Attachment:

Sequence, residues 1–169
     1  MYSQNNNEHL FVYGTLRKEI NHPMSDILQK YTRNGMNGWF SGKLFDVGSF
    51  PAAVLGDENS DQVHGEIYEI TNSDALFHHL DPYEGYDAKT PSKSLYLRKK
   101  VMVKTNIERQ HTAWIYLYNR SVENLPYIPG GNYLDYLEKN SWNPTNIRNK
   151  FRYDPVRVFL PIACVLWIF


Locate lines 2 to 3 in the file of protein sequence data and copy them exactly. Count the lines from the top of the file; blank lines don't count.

     1  MYSQNNNEHL FVYGTLRKEI NHPMSDILQK YTRNGMNGWF SGKLFDVGSF
    51  PAAVLGDENS DQVHGEIYEI TNSDALFHHL DPYEGYDAKT PSKSLYLRKK